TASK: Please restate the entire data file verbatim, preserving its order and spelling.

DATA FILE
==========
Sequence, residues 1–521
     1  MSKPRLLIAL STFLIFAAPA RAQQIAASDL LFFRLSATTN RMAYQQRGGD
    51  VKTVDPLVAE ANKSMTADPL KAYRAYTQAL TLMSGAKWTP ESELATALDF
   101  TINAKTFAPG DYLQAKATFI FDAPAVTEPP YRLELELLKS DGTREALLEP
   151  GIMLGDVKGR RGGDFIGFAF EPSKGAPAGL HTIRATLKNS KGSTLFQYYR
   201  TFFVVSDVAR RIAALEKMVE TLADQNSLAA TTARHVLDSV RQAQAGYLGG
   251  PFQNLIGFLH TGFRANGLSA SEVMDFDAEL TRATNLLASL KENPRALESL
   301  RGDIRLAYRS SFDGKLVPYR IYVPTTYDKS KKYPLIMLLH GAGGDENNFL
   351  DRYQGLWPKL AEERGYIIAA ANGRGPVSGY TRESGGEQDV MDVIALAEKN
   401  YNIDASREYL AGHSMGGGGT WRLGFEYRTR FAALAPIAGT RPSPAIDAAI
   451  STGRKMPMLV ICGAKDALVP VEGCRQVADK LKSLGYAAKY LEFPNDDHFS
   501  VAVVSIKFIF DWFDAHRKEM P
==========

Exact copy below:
Sequence, residues 1–521
     1  MSKPRLLIAL STFLIFAAPA RAQQIAASDL LFFRLSATTN RMAYQQRGGD
    51  VKTVDPLVAE ANKSMTADPL KAYRAYTQAL TLMSGAKWTP ESELATALDF
   101  TINAKTFAPG DYLQAKATFI FDAPAVTEPP YRLELELLKS DGTREALLEP
   151  GIMLGDVKGR RGGDFIGFAF EPSKGAPAGL HTIRATLKNS KGSTLFQYYR
   201  TFFVVSDVAR RIAALEKMVE TLADQNSLAA TTARHVLDSV RQAQAGYLGG
   251  PFQNLIGFLH TGFRANGLSA SEVMDFDAEL TRATNLLASL KENPRALESL
   301  RGDIRLAYRS SFDGKLVPYR IYVPTTYDKS KKYPLIMLLH GAGGDENNFL
   351  DRYQGLWPKL AEERGYIIAA ANGRGPVSGY TRESGGEQDV MDVIALAEKN
   401  YNIDASREYL AGHSMGGGGT WRLGFEYRTR FAALAPIAGT RPSPAIDAAI
   451  STGRKMPMLV ICGAKDALVP VEGCRQVADK LKSLGYAAKY LEFPNDDHFS
   501  VAVVSIKFIF DWFDAHRKEM P